I am calling for a moderate, inclusive women movement at Swarthmore. I’m not talking about bra-burning, dick-hating, Freidan-worshipping womyn (a common perception of feminism here at Swat), but Swatties who believe in thoughtfully working towards gender equality. If we go with the most basic definition of feminism, as the belief that men and women should be equal, then I’m going to go out on a limb and say most Swatties are feminists to at least an extent. However, most Swatties I know actively avoid anything that uses the word “feminist”, assuming it would also be radical and weird. Using my own experiences, then, I’m going to make the leap that most Swatties support gender equality, they just don’t feel like the approach to gender equality on campus is productive, inclusive, or moderate.
It’s time for us to engage feminism and gender equality in ways that we all think are productive, inclusive, and moderate. Ideologies like feminism can be diverse and welcoming, especially at somewhere like Swarthmore. Our feminism should account for multiple definitions of equality and ways to reach it. It should accept the contradictions that occur when we try to resist something we’ve internalized (why is it kind of cool when James Bond is an ass to every girl always?). Our approach to gender equality here can include all of this because we represent different backgrounds, ideologies, and perspectives that may not fit into our stereotype of “feminist.” And since gender inequality is a problem that is relevant to everyone regardless of gender, culture, origin, race, major/minor, class, or anything, Swarthmore’s approach to women’s issues and gender inequality should be–by its nature–for everyone. Think about it: Swarthmore’s feminists and supporters of gender equality could just be Swarthmore.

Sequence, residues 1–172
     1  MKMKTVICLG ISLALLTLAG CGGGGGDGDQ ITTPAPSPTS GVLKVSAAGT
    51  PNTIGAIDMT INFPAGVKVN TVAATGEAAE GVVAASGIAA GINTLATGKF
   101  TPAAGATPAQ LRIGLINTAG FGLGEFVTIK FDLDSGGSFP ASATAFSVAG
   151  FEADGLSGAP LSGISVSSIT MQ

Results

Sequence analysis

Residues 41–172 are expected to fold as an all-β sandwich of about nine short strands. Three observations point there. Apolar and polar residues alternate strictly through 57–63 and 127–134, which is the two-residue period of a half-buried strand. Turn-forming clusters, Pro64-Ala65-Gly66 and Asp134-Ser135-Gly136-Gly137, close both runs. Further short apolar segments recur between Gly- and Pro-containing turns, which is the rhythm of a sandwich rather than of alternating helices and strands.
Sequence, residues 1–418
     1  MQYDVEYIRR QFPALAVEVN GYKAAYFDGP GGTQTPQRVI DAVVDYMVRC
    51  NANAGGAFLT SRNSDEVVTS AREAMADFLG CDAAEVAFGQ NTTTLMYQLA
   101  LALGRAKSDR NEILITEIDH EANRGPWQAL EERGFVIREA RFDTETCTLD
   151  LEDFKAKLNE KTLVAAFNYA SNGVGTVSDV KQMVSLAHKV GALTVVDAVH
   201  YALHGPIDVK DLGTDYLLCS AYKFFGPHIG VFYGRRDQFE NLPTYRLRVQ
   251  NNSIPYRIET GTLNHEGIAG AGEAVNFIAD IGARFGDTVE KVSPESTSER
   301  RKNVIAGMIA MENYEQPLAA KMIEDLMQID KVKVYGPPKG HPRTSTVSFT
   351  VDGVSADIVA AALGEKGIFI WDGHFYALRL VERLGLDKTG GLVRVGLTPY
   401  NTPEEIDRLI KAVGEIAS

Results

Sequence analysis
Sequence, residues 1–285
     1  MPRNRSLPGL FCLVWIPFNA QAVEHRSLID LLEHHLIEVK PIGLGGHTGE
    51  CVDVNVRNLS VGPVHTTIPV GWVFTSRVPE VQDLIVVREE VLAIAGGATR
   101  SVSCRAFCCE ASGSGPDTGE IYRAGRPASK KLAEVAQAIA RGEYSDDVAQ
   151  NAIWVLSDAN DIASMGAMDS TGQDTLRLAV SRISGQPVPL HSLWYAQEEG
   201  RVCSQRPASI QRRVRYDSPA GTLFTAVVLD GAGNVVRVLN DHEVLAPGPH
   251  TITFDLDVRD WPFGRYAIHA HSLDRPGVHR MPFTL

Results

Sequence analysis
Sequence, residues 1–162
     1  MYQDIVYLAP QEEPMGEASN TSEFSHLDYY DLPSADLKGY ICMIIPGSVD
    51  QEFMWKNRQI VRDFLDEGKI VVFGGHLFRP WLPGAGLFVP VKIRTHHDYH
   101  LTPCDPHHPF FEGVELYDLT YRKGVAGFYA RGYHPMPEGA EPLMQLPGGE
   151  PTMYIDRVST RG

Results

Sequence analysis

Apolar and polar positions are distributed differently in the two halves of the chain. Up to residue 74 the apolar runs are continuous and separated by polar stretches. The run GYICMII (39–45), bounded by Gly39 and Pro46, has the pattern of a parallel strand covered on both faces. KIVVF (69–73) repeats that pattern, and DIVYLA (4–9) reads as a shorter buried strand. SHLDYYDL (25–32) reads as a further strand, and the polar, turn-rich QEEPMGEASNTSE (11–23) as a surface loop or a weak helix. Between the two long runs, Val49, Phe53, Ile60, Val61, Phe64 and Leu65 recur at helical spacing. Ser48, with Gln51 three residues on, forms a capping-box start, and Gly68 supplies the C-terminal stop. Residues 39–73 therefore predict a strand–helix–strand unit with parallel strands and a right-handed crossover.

Swarthmore is a school for action and resistance. Our alumnae include the first woman to receive a PhD, one of the leaders of the movement for the nineteenth amendment, a slew of radical student activists in the 60’s, a former NOW president, and the founder of Radical Doula. I mean, Lucretia Mott is one of our founders. I’m not saying we should protest outside the White House until we’re detained, but our college’s history should be a motivation to mature our lackluster approach to gender inequality. My academic experience has consistently involved feminism in my classes, but it’s way too easy to argue one perspective in class and live a totally different reality. It’s time for us to take action and engage feminism in our own way.
Where to start is a tough question, and that’s a decision that needs to involve our campus community. However, a place worth considering would be the WRC, which is already trying to include all genders into women’s issues. This semester, the WRC is hosting a Women’s Week that will run from Friday, March 22nd to Thursday, March 28th (see wrcwomensweek.wordpress.com). Women’s Week is having 10 student groups plan individual events on women from their perspectives. They’re using spoken word, movie screenings, and panels to cover topics like women and water in the Jewish traditions, depictions of Latina/o women in the media, and women in politics. The idea of Women’s Week is easy: every Swattie should feel relevant and think at least one event is relevant to them. Hopefully you can feel involved and interested in women events on campus, even if you never have before.
I’ll be honest. My goal of debunking the myth that women’s movements are radical, exclusive, and useless is to take away your excuses. Just because you shave your legs, think women in high heels look beautiful, inexplicably enjoy Desperate Housewives, or think Barney from How I Met Your Mother is both awesome and hilarious doesn’t mean you can’t be “feminist” or engage with gender equality on campus. On the contrary, I’m urging you to redefine Swarthmore feminism. So come to a Women’s Week event. See the WRC. And start considering what it really means to be at Swarthmore and want equality.
Op-ed submitted by Kassandra Sparks ’15
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